Georgia Southern Collard Seeds
Very cold tolerant. In the deep south, collards can be planted in fall as well as spring.
These collards have a uniform, compact growth habit, with non-heading and slow-bolting plants. Their mild cabbage flavor makes these ideal for boiling, and they're good for canning and freezing as well. The large blue-green leaves are ready in 75 days, and are also frost-resistant
Collards are easily started directly in the garden once the danger of frost has passed and the soil has warmed and been prepped with ample amounts of compost. Plant four or five seeds in one spot that you could cover with a silver dollar for each individual plant that you wish to grow. Plant them about 1/4" deep and pat the soil down gently. When the plants germinate, thin to one plant in each spot.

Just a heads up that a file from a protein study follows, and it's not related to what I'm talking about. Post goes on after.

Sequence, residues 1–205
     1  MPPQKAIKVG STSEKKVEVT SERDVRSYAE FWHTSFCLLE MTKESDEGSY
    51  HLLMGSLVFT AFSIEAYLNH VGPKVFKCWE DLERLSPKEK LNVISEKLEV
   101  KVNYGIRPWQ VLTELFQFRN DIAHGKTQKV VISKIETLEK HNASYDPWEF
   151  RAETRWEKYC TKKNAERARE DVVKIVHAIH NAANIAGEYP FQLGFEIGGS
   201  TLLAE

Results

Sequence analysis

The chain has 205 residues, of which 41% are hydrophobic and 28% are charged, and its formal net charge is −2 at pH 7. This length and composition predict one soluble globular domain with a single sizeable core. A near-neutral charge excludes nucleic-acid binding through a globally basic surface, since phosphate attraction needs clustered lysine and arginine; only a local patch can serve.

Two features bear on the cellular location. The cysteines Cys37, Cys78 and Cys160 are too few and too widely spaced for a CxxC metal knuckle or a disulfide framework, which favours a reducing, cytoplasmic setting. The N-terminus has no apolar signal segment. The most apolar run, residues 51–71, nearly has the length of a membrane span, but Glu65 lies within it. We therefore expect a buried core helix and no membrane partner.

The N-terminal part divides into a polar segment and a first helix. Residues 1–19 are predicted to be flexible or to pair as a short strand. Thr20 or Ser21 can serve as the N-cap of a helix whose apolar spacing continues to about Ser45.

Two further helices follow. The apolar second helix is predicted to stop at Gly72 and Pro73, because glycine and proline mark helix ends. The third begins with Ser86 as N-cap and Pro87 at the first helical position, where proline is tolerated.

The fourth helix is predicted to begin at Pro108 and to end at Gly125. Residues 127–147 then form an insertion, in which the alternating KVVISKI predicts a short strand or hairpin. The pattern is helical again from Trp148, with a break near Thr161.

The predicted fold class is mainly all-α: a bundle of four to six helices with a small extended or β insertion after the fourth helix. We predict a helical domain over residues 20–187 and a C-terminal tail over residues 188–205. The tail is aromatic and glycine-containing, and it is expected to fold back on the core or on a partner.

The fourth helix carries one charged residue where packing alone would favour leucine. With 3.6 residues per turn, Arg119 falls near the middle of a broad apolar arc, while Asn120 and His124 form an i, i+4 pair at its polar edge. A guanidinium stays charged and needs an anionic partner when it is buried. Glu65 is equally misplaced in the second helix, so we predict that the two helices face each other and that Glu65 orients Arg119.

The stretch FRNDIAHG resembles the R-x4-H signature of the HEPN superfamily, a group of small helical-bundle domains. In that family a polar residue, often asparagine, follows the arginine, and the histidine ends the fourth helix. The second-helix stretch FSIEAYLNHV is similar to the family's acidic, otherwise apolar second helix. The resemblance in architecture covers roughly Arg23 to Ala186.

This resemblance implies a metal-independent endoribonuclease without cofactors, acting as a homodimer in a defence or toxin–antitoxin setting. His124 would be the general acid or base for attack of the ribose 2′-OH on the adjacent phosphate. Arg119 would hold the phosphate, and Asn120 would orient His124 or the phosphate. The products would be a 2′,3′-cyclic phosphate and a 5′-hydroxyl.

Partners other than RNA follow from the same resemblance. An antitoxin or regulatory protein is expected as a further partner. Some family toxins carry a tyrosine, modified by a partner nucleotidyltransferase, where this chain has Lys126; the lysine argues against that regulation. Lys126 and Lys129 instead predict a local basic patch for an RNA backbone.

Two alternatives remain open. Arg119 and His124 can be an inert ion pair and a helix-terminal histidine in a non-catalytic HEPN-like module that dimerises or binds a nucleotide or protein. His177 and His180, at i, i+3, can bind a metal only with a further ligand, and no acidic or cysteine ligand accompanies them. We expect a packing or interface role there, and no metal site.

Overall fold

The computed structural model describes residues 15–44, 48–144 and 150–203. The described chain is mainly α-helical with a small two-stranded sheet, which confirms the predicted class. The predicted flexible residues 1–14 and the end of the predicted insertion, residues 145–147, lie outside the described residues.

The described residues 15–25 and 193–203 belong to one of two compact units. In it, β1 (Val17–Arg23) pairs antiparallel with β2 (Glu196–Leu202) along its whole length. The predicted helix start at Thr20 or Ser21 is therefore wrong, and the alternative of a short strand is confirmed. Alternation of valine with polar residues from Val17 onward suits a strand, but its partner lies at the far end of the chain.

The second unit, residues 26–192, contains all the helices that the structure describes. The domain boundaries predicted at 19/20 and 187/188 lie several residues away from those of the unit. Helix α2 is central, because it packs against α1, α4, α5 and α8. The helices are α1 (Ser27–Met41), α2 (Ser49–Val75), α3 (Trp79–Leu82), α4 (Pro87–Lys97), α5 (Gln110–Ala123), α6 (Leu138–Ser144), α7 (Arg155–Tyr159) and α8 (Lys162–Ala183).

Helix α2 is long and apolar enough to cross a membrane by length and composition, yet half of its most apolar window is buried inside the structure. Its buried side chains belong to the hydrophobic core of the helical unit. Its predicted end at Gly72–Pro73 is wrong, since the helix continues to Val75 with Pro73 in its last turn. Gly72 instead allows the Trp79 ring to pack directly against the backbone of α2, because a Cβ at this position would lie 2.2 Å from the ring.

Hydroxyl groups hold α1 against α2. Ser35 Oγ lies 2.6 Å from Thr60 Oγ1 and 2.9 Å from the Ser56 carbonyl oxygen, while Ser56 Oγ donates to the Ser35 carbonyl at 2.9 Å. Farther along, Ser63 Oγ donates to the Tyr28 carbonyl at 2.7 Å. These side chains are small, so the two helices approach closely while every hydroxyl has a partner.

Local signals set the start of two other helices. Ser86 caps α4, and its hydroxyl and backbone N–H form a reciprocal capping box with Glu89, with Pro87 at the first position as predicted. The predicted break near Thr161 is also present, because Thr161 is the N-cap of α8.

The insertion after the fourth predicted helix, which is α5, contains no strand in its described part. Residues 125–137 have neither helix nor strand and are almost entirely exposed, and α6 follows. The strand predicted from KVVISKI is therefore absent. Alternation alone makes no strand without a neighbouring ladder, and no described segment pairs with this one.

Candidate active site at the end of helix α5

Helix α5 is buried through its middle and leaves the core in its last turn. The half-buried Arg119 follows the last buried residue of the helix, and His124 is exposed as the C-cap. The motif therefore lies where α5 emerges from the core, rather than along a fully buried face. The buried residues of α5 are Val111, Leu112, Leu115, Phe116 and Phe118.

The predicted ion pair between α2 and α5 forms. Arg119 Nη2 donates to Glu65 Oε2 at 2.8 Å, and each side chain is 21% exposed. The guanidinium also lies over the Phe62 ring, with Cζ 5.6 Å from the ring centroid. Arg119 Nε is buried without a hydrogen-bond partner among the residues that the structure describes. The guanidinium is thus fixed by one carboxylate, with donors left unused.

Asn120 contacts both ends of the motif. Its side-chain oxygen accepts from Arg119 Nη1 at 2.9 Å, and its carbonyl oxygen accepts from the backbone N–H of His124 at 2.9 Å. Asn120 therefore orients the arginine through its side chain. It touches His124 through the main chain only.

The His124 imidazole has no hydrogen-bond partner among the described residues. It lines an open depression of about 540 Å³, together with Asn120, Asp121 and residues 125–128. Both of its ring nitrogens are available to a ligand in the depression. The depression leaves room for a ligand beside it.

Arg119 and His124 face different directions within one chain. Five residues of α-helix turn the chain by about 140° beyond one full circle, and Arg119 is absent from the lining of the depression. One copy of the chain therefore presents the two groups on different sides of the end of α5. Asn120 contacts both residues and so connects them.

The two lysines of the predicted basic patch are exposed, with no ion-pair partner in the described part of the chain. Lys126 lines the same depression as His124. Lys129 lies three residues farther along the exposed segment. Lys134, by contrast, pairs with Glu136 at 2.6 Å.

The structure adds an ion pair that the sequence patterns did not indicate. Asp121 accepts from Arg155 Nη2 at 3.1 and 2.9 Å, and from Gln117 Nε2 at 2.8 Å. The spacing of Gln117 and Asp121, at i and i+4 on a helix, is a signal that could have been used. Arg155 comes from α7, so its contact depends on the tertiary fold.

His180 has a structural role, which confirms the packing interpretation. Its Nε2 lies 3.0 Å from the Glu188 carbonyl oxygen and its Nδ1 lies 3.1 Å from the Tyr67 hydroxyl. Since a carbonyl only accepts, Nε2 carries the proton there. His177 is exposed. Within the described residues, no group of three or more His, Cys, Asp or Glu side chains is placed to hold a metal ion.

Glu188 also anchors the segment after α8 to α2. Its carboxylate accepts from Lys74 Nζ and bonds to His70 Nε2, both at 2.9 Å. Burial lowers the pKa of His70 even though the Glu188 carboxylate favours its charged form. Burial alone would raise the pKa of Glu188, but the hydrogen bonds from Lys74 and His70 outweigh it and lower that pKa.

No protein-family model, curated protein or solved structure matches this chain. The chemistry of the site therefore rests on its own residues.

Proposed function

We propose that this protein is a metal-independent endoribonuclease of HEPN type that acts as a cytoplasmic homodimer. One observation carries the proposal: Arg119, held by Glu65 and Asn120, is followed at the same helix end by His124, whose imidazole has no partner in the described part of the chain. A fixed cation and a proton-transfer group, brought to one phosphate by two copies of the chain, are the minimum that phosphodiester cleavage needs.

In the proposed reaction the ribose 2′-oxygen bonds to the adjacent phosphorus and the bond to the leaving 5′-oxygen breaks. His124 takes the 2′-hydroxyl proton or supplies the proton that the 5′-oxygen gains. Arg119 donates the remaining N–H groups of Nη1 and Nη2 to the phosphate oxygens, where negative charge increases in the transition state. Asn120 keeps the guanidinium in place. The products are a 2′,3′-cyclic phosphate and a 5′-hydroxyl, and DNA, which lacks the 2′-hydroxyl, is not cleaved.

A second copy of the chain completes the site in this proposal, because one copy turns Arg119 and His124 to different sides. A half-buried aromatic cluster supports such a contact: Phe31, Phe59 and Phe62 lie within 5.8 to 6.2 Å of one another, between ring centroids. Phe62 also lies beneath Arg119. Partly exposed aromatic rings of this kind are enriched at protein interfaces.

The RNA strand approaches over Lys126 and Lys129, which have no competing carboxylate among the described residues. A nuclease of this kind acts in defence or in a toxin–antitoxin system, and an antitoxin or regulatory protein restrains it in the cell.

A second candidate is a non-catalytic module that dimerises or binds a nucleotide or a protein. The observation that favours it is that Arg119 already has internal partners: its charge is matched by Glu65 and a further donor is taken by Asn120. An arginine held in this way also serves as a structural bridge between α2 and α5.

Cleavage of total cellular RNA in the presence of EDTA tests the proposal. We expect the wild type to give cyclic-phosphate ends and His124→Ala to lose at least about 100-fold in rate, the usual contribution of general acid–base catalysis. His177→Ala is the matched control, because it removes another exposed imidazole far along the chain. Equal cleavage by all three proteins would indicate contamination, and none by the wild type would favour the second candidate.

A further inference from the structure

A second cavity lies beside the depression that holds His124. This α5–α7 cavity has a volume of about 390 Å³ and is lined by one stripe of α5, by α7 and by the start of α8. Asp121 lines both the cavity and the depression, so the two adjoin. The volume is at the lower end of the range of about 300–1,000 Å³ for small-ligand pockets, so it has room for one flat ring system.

Care is minimal. Keep the plants weeded and when the weather warms mulch well with sifted compost. Fertilizer is not required except in the poorest of soils, the plants do not require staking or trellising. Keep them well and consistently watered.
Take the large leaves from the bottom of the plant first and the plants will continue to produce.